Differential Blockade of Nerve Injury-Induced Shift in Weight Bearing and Thermal and Tactile Hypersensitivity by Milnacipran

Tamara King, Srinivas Rao, Todd Vanderah, Qingmin Chen, Anna Vardanyan, Frank Porreca

Research output: Contribution to journalArticle

35 Scopus citations

Abstract

Antidepressants such as tricyclic antidepressants have become used to treat a variety of chronic pain conditions. However, the side effects are dose-limiting in the treatment of chronic pain. Milnacipran is a norepinephrine/serotonin reuptake inhibitor that does not have the severe side effects associated with traditional tricyclic antidepressants. The effects of intrathecal and systemic administration of milnacipran on spinal nerve ligation (SNL)-induced thermal and mechanical hypersensitivity and shift in weight bearing were determined. Intrathecal administration of milnacipran was found to reverse both SNL-induced thermal and tactile (to von Frey filaments) hypersensitivity, as well as shift in weight bearing. Acute systemic administration of milnacipran also reversed nerve injury-induced thermal hypersensitivity for up to 5 hours but failed to reverse tactile hypersensitivity or shift in weight bearing. Of note, both intrathecal and subcutaneous administration of milnacipran induced thermal antinociception in both SNL and sham rats. Chronic (daily) systemic administration of milnacipran alleviated both thermal hypersensitivity and shift in weight bearing, with both acute and chronic effects observed on thermal hypersensitivity. However, chronic systemic milnacipran administration failed to alleviate tactile hypersensitivity to von Frey filaments. These results indicate that different mechanisms underlie shift in weight bearing, thermal hypersensitivity, and tactile hypersensitivity. Perspective: These results indicate that the ability of milnacipran to relieve nerve injury-induced allodynia, hyperalgesia, and shift in weight bearing depends on the route of administration and the duration of treatment, with alleviation of SNL-induced tactile hypersensitivity and shift in weight bearing as a result of activity within the central-rather than the peripheral-nervous system.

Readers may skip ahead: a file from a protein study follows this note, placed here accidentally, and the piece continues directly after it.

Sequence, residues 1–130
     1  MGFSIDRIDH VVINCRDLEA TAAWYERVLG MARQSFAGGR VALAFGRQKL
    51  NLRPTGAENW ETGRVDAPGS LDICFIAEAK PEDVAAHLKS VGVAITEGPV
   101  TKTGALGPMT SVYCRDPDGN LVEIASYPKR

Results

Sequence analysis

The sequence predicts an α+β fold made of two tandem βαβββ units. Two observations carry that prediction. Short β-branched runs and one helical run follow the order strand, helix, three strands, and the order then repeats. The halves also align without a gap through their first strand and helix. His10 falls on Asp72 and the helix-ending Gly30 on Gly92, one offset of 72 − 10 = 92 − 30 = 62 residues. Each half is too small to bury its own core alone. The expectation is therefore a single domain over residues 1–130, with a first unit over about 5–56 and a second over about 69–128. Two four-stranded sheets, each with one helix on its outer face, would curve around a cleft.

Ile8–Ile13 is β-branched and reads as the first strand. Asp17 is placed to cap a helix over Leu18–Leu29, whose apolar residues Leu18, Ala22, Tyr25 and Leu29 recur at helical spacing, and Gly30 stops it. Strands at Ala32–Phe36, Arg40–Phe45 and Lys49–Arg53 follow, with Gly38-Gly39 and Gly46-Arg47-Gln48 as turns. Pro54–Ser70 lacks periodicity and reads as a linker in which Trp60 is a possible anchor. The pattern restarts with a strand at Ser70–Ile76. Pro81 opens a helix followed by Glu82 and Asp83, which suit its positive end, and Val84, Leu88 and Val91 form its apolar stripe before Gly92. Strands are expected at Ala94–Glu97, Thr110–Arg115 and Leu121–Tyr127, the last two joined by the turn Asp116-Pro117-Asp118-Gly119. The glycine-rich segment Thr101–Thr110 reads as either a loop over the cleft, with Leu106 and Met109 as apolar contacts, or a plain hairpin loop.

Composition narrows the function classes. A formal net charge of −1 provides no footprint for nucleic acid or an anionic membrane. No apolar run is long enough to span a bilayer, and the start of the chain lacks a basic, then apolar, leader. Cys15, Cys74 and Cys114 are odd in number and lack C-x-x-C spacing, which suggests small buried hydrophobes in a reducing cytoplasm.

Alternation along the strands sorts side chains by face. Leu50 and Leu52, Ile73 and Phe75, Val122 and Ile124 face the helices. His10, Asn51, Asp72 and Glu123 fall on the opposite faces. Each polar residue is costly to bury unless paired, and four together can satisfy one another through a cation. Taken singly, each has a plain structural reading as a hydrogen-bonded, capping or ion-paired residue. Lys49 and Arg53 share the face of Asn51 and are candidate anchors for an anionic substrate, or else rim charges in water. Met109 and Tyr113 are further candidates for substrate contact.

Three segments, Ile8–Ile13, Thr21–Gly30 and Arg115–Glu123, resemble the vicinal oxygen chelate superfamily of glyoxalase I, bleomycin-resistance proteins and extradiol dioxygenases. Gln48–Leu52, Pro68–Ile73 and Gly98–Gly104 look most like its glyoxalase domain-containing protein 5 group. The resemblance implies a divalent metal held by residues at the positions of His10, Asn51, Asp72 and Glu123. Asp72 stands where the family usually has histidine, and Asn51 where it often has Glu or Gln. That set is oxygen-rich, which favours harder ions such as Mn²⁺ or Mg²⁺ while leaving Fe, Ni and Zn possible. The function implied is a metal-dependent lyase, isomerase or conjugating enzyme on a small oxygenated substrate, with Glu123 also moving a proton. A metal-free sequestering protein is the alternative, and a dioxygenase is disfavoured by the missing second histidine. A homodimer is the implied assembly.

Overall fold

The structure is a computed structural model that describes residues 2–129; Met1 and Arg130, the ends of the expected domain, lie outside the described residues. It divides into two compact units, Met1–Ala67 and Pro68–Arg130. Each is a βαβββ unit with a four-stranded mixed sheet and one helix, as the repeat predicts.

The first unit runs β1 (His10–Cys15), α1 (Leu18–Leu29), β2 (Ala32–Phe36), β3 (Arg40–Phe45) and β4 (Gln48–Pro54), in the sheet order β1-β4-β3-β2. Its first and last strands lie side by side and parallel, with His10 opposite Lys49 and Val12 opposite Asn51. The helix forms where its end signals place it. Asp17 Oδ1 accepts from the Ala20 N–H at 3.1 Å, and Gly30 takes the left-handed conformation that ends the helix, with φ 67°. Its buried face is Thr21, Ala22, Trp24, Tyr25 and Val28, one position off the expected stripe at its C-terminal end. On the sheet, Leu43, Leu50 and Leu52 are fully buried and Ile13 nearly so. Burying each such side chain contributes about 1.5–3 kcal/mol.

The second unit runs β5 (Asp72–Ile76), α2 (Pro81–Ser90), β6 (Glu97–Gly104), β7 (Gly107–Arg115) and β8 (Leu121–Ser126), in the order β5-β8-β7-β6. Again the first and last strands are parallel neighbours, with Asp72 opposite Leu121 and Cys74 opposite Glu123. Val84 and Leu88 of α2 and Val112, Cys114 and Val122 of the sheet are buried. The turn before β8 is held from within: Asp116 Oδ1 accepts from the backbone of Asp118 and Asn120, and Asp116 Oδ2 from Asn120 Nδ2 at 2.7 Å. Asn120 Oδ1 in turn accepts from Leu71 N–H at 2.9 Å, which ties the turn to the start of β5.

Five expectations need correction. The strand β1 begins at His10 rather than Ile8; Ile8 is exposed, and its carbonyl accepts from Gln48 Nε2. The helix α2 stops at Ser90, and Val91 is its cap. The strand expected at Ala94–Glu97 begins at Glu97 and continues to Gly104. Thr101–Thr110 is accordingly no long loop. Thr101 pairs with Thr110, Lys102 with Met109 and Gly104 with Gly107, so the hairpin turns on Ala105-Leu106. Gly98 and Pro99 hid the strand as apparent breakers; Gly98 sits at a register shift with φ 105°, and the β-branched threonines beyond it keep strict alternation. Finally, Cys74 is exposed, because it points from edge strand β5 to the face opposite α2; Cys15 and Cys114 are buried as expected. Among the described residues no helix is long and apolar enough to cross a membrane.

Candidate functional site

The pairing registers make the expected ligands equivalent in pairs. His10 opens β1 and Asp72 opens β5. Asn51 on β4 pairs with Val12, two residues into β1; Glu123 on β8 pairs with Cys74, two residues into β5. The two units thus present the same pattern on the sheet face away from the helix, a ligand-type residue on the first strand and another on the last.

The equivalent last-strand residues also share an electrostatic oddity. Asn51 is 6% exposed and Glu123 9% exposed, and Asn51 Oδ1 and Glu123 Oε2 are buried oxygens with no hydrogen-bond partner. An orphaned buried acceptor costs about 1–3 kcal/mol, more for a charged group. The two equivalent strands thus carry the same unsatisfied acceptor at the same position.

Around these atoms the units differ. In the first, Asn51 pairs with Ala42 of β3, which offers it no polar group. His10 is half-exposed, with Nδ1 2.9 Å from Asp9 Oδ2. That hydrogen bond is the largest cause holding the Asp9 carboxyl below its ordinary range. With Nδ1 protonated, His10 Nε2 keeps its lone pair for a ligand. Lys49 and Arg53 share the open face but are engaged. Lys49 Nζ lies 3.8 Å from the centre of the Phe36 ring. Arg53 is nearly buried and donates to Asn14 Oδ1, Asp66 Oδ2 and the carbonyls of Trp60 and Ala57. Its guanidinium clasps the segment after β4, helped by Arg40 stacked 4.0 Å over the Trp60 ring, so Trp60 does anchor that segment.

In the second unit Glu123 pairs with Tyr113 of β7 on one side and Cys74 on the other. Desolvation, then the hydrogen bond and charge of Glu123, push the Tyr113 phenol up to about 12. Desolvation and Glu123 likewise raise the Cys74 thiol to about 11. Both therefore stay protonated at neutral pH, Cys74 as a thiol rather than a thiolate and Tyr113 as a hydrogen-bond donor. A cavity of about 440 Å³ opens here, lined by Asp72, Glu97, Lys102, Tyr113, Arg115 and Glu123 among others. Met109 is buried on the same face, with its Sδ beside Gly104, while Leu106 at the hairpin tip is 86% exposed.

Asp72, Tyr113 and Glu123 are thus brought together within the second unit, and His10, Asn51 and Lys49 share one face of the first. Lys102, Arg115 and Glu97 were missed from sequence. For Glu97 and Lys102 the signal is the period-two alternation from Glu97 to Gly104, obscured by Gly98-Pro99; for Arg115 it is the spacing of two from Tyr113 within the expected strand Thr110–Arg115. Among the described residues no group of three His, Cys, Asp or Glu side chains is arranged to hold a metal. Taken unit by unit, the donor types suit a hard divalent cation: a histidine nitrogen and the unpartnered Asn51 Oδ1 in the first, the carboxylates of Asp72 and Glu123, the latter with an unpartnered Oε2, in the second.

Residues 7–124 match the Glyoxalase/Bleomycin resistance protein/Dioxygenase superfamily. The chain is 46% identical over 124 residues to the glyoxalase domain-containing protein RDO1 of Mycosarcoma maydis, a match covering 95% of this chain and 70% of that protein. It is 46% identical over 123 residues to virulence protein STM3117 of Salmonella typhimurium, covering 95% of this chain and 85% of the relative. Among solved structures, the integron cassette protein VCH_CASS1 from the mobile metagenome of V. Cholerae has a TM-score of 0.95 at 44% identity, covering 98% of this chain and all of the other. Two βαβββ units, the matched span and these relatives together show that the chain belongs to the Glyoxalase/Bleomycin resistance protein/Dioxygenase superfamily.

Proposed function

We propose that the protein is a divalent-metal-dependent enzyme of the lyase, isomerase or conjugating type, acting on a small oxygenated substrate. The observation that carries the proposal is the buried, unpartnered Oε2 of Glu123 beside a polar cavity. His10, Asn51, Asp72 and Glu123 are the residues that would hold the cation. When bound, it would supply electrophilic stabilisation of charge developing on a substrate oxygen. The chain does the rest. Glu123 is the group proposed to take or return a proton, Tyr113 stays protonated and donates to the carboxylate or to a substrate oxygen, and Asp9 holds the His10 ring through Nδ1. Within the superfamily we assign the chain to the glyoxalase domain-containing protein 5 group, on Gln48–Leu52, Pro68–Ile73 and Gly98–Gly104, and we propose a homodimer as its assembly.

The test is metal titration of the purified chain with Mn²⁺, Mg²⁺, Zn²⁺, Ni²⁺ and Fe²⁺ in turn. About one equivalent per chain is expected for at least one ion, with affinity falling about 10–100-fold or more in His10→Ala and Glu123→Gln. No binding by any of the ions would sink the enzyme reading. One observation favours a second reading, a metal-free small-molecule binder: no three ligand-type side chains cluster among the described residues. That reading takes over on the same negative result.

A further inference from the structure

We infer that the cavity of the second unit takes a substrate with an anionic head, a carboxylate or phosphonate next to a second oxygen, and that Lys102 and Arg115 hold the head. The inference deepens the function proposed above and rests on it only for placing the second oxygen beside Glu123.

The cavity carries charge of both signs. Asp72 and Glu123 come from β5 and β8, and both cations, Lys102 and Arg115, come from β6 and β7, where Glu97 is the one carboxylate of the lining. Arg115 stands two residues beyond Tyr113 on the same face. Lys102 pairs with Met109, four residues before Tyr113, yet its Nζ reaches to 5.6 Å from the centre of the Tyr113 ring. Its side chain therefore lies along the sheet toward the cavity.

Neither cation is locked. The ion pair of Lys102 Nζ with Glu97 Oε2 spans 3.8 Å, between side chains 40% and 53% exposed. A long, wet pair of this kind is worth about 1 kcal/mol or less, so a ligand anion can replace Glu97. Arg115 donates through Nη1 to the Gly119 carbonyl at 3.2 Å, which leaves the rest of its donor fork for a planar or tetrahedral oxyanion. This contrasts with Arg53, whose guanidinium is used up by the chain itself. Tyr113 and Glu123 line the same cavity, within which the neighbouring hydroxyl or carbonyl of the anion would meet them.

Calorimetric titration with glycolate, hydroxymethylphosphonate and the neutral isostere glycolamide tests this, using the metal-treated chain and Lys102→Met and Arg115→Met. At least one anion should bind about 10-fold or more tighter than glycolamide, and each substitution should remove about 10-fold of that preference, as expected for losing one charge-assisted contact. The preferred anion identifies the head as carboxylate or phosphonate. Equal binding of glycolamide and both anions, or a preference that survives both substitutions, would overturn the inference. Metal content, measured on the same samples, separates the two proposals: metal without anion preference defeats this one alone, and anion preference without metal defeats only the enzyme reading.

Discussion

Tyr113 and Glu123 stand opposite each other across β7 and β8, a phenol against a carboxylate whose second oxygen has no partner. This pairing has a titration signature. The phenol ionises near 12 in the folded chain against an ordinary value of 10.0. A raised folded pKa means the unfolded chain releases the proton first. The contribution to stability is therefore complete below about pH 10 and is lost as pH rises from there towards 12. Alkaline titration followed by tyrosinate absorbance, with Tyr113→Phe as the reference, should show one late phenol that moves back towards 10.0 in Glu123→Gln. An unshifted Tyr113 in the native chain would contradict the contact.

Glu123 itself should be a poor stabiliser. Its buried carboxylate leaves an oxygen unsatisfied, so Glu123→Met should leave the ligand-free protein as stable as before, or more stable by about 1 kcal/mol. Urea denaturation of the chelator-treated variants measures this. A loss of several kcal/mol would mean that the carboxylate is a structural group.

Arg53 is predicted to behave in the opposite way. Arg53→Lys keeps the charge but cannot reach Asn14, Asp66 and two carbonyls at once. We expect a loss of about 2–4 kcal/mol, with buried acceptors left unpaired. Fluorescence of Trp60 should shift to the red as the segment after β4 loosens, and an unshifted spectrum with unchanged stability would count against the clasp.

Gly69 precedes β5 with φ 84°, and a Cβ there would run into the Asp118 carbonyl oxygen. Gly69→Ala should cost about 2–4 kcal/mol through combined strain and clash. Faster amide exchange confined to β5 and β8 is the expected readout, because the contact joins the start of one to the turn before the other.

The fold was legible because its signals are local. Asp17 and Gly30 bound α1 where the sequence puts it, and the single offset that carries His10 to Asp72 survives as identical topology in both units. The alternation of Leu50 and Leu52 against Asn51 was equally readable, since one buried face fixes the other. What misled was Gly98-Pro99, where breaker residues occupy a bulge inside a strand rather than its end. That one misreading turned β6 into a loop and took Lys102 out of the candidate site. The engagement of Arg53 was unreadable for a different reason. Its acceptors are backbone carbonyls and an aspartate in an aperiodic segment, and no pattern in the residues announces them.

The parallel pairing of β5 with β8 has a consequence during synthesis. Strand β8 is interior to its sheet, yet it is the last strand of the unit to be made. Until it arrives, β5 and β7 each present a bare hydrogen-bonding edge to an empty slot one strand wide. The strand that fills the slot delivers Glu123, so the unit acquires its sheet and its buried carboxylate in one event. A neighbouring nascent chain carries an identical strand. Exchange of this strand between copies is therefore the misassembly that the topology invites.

Original languageEnglish (US)
Pages (from-to)513-520
Number of pages8
JournalJournal of Pain
Volume7
Issue number7
DOIs
StatePublished - Jul 1 2006

Keywords

  • SNL
  • SNRI
  • allodynia
  • hyperalgesia

ASJC Scopus subject areas

  • Neurology
  • Clinical Neurology
  • Anesthesiology and Pain Medicine

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